Ten Hag was therefore not surprised by Onana’s display against City in Istanbul, a performance that reinforced the United manager’s decision to pursue a reunion with the 27-year-old.
Why Andre Onana would be perfect for Manchester United and Ten Hag
Afterwards, Pep Guardiola explained Onana’s effect on City’s attempts to press high. “When you have a goalkeeper like Onana who can read perfectly where everyone is to pass to,” he said, “it is very, very difficult.”
United scouts also rated AC Milan’s Mike Maignan highly, and a pursuit was floated. Executives from both clubs met in Milan around the Champions League semi-final in May to talk about Maignan. But the France international was ultimately seen as too expensive. After Milan sold Sandro Tonali to Newcastle for a fee in the region of €70million, Maignan’s price rose to €100m.
In contrast, Inter’s accounts meant they needed to sell to buy even after their run to the Champions League final banked them £100million. They were open to doing business on Onana. A fee mooted initially at €70m soon dropped to €60m, with United aware negotiations could see the cost fall further. In any case, Onana was Ten Hag’s No 1 choice.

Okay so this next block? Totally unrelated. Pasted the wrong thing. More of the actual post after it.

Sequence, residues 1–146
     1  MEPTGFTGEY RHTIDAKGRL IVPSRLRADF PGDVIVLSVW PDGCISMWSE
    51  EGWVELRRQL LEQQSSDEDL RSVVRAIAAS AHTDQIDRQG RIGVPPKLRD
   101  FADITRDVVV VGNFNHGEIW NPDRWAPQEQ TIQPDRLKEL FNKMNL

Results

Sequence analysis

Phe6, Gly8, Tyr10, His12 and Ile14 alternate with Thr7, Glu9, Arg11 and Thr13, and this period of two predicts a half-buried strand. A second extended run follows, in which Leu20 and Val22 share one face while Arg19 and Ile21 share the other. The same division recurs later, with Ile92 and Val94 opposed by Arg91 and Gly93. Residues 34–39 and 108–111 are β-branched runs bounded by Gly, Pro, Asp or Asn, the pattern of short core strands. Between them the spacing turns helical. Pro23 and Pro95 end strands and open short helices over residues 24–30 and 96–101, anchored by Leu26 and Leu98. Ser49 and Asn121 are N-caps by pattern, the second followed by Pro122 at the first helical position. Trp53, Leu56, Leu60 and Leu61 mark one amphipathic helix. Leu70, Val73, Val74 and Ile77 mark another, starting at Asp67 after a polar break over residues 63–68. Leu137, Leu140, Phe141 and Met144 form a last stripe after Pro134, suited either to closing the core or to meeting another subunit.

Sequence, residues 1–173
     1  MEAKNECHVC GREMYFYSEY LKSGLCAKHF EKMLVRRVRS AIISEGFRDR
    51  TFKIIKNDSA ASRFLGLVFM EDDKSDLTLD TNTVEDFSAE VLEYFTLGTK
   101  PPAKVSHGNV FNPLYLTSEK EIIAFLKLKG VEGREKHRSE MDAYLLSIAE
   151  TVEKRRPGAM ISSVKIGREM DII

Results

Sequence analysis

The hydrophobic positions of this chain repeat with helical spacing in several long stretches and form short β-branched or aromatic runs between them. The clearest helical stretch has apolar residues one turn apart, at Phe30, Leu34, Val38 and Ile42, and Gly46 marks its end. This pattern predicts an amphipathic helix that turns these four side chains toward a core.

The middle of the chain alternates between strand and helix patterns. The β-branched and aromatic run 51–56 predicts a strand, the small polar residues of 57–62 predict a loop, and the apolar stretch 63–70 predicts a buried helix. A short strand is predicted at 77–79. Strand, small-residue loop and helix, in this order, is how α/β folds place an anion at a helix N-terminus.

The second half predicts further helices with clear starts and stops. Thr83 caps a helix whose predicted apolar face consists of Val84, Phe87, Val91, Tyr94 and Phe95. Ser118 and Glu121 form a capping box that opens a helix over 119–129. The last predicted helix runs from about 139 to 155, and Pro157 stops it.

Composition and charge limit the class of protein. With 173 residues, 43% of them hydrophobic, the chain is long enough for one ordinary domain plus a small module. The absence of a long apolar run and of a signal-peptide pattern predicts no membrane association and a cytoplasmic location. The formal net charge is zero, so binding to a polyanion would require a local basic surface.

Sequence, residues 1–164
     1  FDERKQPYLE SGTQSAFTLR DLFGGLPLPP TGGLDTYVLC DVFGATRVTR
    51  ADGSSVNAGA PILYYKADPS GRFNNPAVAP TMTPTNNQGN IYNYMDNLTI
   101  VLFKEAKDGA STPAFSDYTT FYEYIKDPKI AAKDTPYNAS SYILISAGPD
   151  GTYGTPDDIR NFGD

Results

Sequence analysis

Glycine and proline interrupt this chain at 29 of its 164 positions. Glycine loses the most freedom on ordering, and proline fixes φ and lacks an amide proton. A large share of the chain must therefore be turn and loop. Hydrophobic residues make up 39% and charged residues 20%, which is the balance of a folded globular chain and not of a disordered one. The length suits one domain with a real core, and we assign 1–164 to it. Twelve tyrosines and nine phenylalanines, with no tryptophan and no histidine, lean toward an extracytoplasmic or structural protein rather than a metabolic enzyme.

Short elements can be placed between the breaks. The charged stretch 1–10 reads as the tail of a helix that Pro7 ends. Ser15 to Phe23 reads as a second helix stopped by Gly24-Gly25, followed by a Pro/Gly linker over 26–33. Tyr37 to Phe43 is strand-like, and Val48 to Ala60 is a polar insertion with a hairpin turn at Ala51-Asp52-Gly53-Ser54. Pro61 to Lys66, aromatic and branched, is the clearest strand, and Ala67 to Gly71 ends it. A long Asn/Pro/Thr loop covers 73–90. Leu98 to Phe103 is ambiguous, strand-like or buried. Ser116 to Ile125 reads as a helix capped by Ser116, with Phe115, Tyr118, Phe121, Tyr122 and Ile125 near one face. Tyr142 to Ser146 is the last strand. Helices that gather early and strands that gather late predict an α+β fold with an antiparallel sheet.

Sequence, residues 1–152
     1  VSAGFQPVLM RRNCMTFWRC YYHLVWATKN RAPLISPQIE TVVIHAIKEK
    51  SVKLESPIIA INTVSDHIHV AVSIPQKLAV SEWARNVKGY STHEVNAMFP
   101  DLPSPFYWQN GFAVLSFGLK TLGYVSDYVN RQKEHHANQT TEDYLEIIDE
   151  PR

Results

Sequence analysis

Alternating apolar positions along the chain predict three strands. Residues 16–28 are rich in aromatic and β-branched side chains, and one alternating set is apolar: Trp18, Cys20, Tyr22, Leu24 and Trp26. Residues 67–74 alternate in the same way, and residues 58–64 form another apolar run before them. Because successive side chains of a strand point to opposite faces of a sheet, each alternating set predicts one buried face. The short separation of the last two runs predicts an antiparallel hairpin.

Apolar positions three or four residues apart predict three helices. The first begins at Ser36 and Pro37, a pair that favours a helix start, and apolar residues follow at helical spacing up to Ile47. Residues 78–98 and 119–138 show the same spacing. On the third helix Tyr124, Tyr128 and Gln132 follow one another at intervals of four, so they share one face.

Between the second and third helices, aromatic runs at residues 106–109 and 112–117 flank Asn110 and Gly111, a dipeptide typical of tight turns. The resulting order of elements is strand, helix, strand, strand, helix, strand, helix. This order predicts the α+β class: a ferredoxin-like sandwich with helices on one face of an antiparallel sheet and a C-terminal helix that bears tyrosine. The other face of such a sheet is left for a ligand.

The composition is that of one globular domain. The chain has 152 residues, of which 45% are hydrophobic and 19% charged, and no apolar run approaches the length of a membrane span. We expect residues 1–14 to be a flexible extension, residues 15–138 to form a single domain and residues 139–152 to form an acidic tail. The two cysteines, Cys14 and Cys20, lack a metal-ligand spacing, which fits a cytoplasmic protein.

This was the backdrop to United changing their contract offer to De Gea. Before the FA Cup final, De Gea gave several people the impression he had gone as far as signing his part of the document. Whether this was his interpretation or that of others, the clear sentiment spread that De Gea staying was a done deal.
United insist no documents were signed by either party and that a formal proposal was never made.
Nevertheless, what is certain is that after the FA Cup final United withdrew an outline proposal that had De Gea’s blessing and resubmitted one for less money and shorter length. United had, with Ten Hag’s influence, made the call that De Gea should only be compensated as a No 2. He could either stay in that new role or leave.